I want to make it plain that our case does not depend on asserting as an absolute generalization that the Court will never -- that no case can exist in which the Court will hear the justification, that competition is a bad thing.
I know of no such case, but I'm not prepared to assert that none can possibly arise.
The thrust of our argument here is simply by analogy that this case is so linked the other per se restraint, especially resale price fixing and territorial, horizontal territorial allocation, that it should be placed in the same category without attempting to espouse any broader generalization.
Now, let us look a little more closely at the characterizing of these territorial restrictions that White imposes on its dealers and see whether they are not the same in principle and in those respects, as the other per se restraints.
First, it is clear that these territorial restrictions do eliminate competition and not merely price competition, but all competition in the sale of White trucks.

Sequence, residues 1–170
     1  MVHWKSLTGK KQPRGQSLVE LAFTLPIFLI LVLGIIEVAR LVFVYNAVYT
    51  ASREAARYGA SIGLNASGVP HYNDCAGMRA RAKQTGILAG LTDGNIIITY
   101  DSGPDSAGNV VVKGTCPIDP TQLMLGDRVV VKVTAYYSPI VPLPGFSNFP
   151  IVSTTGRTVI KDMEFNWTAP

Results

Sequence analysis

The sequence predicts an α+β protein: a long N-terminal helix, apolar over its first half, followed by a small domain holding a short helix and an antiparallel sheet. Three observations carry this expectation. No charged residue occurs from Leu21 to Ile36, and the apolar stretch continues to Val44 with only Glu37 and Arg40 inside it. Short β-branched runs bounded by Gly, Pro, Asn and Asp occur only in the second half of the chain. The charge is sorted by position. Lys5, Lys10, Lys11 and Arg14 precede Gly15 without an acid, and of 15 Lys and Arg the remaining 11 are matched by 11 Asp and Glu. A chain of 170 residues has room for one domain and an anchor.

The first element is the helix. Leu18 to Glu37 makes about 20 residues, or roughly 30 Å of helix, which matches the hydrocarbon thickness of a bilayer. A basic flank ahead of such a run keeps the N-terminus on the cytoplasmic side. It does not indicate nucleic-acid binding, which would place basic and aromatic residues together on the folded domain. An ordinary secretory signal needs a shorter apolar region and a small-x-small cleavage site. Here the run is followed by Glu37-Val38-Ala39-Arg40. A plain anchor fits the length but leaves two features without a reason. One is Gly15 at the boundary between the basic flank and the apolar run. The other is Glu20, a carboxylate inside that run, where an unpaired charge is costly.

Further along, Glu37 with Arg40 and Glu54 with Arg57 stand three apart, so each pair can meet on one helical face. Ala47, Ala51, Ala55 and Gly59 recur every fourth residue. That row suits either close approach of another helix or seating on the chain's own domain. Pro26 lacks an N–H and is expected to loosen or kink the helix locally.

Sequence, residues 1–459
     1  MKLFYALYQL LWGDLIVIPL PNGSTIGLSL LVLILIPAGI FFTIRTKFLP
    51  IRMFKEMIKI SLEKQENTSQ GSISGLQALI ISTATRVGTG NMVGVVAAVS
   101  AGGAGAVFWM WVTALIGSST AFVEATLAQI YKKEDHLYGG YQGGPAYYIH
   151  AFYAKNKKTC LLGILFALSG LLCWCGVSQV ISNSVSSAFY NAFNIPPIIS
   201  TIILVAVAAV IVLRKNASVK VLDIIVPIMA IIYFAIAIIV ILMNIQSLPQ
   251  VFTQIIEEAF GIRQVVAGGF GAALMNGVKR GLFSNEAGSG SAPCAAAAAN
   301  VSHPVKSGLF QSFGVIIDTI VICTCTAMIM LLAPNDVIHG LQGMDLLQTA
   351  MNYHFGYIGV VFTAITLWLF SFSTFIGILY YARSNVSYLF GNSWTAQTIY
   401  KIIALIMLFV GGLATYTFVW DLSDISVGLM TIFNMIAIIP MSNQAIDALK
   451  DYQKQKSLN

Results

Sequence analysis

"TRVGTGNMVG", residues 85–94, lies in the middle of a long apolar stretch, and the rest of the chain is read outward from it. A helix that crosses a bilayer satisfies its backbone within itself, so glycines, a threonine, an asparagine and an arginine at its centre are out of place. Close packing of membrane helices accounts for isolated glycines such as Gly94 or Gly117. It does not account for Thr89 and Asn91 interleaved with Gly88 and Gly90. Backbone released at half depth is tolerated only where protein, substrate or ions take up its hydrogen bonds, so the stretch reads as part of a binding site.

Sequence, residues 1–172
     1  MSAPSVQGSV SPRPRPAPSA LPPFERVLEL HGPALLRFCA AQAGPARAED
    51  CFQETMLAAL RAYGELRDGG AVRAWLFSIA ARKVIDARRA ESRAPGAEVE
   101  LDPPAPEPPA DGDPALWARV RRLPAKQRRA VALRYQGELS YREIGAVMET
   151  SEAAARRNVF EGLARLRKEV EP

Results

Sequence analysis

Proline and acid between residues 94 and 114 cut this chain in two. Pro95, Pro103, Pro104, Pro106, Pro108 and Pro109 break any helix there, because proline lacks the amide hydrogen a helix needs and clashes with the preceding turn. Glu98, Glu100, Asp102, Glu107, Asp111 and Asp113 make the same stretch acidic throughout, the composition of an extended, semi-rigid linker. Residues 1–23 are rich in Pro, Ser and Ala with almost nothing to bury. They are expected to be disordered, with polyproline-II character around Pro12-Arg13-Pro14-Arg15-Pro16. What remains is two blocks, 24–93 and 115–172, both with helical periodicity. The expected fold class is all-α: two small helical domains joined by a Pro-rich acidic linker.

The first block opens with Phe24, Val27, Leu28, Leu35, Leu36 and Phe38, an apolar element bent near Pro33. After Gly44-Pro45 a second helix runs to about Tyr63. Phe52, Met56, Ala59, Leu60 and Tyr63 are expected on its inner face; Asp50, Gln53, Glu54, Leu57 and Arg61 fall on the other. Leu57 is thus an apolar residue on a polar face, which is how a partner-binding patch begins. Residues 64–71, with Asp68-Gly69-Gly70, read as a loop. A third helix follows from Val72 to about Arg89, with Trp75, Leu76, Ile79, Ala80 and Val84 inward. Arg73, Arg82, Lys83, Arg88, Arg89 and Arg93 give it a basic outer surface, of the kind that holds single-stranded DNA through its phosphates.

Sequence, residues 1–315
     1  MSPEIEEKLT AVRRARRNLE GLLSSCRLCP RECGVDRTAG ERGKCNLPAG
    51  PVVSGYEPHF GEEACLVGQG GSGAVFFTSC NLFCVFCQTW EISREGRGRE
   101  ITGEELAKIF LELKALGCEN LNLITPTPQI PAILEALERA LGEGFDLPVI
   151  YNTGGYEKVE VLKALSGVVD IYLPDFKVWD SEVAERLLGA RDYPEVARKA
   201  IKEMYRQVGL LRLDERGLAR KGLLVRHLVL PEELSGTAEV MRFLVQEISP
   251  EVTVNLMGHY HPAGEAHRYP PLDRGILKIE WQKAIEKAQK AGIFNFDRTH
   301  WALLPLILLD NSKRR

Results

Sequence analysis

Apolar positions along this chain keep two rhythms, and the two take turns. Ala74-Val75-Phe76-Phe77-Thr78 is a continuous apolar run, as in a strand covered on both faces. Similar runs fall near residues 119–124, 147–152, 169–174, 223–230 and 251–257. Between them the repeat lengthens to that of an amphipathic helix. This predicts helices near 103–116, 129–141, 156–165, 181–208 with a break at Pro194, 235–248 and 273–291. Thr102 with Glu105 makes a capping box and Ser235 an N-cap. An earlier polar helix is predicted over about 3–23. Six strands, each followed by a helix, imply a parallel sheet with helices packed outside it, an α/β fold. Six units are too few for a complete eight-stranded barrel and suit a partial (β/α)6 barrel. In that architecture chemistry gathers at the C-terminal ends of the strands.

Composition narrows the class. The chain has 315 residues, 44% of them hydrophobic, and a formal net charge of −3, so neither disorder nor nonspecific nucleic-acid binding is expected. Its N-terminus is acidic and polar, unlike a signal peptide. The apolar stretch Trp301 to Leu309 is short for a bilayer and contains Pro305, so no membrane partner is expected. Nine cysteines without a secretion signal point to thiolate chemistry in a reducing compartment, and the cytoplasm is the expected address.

That is a, plainly a restraint of trade, it serves no independent business purpose other than that of restraining trade and it imposes a very important kind of restraint.
We know ever since the writings of Professor Edward Chamberlin on Monopolistic Competition that one of the tendencies in an economy increasingly dominated by a few large manufacturers has been for each to try to differentiate its product, so that it obtains at least at the manufacturers, at the distributor level, some of the characteristics of the monopolistic market.
Now, if we go on and eliminate all competition in the sale of a brand on down to the public, a very important form of competition, which has effects on the price structure and everything else, is being eliminated.